Mothers: Making the Right Choice. Or Advice for Alice.

I’m going to pose a dilemma.

It’s one that might present in clearly defined black and white – as it has in my experience and in my protagonist’s, let’s call her Alice – or it might have emerged in blurredlines and shades of grey.

But it’s one that is faced, to some degree, at some point, in some shape, by almost all the women I know. Our flaky job descriptions mean there are always hard choices to make.

Here goes.

Alice is married with young children; she is a Good Mother, that much is evident in the way she stoops to speak to her small son, answers her daughters’ interminable answers. Alice gave up a career in London, ‘I was good at it’, she says, a little forlornly, so that I am in no doubt that she misses the camaraderie, dressing up for the office, the daily need for mascara, a slick of lippe, the clearly defined parameters of her ninetofive day.

But Alice’s husband has a bigimportant job that has taken them to a remote corner of the world. His Career takes precedence over hers, because he gets paid more, because the children are little, because it’s just the way it has to be.

Alice, though, questions the fait accompli that has been thrust before her. She isn’t sure what to do; isn’t sure of the Right Thing To Do. In the briefest passage of time she has gone from single career girl to wifeandmother. Her role has been picked up and shaken so vigorously she feels disorientated: which way is up, which way is down.

She asks my advice.

What ought I tell her?

Put the Kids’ needs first: that’s the right thing to do

kids first 3

Listen Alice, honey, you’re a mother right? Your first responsibility must be to the kids. They’re small and defenseless and can’t effect change themselves; they can’t make the choice you know they’d make if they had the voice, the muscle, to do so: you’ve got to make the right choice for them.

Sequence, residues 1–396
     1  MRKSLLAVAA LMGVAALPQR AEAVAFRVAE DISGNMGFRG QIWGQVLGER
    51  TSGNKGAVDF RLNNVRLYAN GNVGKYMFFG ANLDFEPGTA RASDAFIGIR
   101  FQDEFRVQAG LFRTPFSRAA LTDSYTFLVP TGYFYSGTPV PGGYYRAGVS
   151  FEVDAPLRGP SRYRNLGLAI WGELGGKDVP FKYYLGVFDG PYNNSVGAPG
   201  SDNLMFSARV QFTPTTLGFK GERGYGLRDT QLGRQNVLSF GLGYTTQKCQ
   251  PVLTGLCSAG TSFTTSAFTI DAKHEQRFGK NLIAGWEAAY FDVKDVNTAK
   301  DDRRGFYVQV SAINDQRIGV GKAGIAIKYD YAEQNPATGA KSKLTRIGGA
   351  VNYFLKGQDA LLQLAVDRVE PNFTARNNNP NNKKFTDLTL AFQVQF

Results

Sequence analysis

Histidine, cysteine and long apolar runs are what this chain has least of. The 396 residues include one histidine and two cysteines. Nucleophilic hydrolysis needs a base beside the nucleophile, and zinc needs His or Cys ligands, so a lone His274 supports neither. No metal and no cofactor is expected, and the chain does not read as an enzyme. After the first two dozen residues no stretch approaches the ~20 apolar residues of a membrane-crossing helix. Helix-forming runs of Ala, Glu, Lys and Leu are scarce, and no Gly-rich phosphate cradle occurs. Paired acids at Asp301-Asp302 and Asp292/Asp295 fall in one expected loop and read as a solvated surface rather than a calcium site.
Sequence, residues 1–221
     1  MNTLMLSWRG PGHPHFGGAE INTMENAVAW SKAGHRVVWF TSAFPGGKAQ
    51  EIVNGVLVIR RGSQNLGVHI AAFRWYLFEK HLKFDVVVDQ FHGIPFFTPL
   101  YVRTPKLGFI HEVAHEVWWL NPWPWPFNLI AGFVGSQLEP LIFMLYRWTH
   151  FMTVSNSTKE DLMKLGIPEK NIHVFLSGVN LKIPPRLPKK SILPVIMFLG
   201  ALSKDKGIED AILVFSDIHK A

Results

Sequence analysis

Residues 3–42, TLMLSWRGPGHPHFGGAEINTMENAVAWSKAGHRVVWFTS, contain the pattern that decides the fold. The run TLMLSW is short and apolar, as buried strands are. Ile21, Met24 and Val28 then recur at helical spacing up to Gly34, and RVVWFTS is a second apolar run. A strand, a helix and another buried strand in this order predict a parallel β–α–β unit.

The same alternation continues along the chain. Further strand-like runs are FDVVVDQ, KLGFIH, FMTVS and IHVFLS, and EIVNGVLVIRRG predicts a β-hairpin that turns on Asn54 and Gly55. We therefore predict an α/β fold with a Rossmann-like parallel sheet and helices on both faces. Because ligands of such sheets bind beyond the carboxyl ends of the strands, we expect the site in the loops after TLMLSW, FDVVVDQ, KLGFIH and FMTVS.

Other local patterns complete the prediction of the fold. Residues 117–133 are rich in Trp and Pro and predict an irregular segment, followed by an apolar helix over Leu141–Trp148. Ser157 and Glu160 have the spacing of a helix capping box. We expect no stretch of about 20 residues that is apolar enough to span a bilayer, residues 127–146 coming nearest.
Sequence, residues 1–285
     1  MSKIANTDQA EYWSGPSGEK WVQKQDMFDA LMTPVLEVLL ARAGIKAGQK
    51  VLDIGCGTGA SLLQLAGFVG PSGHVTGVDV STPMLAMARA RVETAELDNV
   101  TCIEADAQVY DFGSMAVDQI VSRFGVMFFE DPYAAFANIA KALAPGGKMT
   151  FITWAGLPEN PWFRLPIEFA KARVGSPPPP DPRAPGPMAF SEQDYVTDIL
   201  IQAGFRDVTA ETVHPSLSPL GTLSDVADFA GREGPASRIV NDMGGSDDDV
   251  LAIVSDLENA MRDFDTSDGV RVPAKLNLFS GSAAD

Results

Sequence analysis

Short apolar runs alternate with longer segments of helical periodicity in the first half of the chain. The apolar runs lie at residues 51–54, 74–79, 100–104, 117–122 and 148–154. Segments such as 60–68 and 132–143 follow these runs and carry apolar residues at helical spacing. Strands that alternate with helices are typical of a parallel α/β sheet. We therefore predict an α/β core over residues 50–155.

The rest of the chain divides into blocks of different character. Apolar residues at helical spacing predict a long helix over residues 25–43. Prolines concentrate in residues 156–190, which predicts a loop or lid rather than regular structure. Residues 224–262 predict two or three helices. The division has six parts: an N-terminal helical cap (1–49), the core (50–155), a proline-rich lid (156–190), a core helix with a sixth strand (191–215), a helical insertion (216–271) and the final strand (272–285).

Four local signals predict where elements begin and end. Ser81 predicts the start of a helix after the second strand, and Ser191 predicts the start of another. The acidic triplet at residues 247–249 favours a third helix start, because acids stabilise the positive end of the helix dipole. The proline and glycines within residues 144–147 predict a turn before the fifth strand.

And they can’t be expected to live in the sticks, with no exposure to other little people; they need the opportunity to develop social skills or god knows what they’ll be like when they get back to the real world! They’ll be awkward and withdrawn and you’ll be left picking up the pieces and end up in some shrink’s office as you weep about being a bad mother.

Your husband’s job is to support his family financially, yours is to support your children emotionally. And anyway, what on earth are you going to do about school stuck out there! No, they need to go mainstream school so you need to make a plan. And don’t’ even think about home school – they’ll drive you mad when they won’t sit still or refuse to do set tasks. You’ll just end up fighting with them and upsetting yourself. And anyway people who home school always end up wearing really bad shoes and ghastly elasticated waist bands in their skirts. Homeschooled means Homemade. Hobbled together.  You won’t be able to lay on Competitive Sport – who is your son going to play cricket with? Your daughters won’t be able to have ballet classes. Besides, homeschooled kids are just plain weird.